Dr. Dorothy M. Ainsworth
Respiratory disorders of the equine athlete are one of the major causes of reduced athleticism. In particular, inflammatory airway disease (IAD) affects between 20-80% of racehorses and performance horses. Horses with IAD exhibit a cough and exhibit excessive mucus and inflammatory cell accumulations in the tracheobronchial secretions. The net effect of the pulmonary inflammation is to reduce lung function, to make the lung stiffer and more susceptible to further injury during exercise. The cause of IAD is currently unknown. Some investigators hypothesize that inhalation of hay dust which contains environmental particulates, endotoxin and fungal cell wall components, is responsible for the development of IAD. That the racehorse or performance horse typically spends the majority of its time stall-confined and that the risk of IAD increases with stabling makes this hypothesis likely. Attenuating or preventing inflammatory airway disease would likely improve athleticism and the overall comfort of the elite athlete.
We recently have developed a bronchial epithelial cell culture system in order to model pulmonary disorders in vitro. In the cell culture system, hay dust exposure up-regulates a multitude of pro-inflammatory proteins which we believe would incite white blood cell migration into the airways and excessive mucus production by the epithelium in vivo. The mechanism by which the hay dust interacts with the epithelial cells as well as the intracellular signaling pathways which eventually promote up-regulation of pro-inflammatory gene expression are unknown.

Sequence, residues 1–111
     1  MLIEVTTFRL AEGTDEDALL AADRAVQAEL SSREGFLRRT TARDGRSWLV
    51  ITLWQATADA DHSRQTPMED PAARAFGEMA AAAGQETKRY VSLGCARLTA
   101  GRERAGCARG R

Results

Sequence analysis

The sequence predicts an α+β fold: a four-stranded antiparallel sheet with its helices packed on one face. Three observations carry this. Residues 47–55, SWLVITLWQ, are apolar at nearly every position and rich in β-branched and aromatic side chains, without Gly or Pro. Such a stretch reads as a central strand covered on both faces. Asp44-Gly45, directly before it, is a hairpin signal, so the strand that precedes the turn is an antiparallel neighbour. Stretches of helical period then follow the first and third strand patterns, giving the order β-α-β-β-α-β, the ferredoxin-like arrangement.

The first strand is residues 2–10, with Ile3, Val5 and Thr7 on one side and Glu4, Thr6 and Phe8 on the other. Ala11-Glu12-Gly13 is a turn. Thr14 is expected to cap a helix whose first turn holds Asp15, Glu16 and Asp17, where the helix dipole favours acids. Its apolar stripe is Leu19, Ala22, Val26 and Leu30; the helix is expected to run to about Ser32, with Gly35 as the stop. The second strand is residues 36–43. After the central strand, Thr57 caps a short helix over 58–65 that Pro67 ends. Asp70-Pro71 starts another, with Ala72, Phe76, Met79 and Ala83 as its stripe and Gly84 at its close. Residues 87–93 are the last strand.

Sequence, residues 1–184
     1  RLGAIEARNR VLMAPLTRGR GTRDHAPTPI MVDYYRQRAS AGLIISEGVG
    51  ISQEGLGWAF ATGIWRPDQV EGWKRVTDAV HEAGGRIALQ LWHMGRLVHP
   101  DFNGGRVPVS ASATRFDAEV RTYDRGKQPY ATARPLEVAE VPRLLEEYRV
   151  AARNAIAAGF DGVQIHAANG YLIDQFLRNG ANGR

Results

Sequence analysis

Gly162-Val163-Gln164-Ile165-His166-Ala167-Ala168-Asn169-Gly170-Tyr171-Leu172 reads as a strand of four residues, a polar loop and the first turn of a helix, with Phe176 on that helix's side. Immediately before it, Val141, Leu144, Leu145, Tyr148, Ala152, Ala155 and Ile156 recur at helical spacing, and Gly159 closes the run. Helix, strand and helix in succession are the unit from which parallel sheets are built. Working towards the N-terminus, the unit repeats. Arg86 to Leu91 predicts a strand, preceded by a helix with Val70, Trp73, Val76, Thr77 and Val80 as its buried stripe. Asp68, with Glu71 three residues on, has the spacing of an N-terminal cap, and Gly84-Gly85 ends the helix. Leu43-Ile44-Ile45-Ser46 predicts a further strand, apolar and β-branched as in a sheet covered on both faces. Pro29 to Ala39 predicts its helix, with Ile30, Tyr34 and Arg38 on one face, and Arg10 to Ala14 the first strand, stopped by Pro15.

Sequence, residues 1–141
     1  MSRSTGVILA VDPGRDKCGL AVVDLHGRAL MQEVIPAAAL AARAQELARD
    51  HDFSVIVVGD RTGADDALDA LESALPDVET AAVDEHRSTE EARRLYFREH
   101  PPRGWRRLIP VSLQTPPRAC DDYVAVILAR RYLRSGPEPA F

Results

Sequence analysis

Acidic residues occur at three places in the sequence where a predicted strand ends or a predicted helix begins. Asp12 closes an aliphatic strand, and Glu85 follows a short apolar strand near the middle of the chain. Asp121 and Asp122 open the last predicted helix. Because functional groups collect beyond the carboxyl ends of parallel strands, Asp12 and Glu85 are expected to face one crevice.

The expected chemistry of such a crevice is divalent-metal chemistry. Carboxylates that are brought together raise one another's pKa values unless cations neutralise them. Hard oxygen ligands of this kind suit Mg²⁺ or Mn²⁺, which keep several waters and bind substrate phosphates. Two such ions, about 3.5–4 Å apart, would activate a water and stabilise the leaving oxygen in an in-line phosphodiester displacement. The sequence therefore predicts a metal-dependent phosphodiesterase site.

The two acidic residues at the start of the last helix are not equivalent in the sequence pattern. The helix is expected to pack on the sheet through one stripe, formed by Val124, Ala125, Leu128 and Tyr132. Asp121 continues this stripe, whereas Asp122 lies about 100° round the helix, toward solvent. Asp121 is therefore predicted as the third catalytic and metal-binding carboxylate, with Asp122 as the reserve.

In the proposed project, we seek to identify the cell surface receptors and intracellular signaling pathways involved in hay dust induced inflammation by pre-incubating the epithelial cell cultures (prior to hay dust exposure) with specific inhibitors or blockers of these cell surface receptors and intracellular signaling pathways. Depicted in the figure below are the 4 major components that would be investigated in this proposal. These include the NF-KB intracellular pathway (pink torpedoes that interact with the cellular DNA or helix within the nucleus) and the three cell surface receptors which ultimately activate the NF-KB pathway. The cell surface receptors include the toll-like receptor 4 (TLR4, depicted in green); the TNF-a receptor (TNFR, shown in yellow) and the interleukin-1 receptor (IL-1R, diagramed in pink).
Inhalation of hay dust components activates the intracellular signaling pathway, NF-?B, which promotes pro-inflammatory cytokine production both at the gene and protein expression levels. (Our most likely candidate is TLR4 induced NF-KB activation but we will investigate the contribution of two other cell surface receptors, TNFR and IL-1R).
We will test our hypothesis in vitro, using bronchial epithelial cell cultures established from young athletic horses that have been humanely euthanized because of musculoskeletal, neurological or behavioral problems not amenable to treatment.
We will test the hypothesis by pre-treating the bronchial epithelial cell cultures with 4 different agents, prior to the cell cultures being challenged with hay dust. The specific agents include:
The outcome parameters that would be measured in this study include the activation of NF-?B and the expression of pro-inflammatory cytokines both at the gene level (mRNA concentrations of IL-8, TNF-α and IL-1ß) and protein level (IL-8, TNF-α).
We are very excited about the potential “investment return” that these studies offer. Furthermore, we are confident that completion of these studies will not only enhance our understanding of the pathophysiology of IAD, but enable evidence-based therapeutic interventions for horses with IAD to be designed and implemented.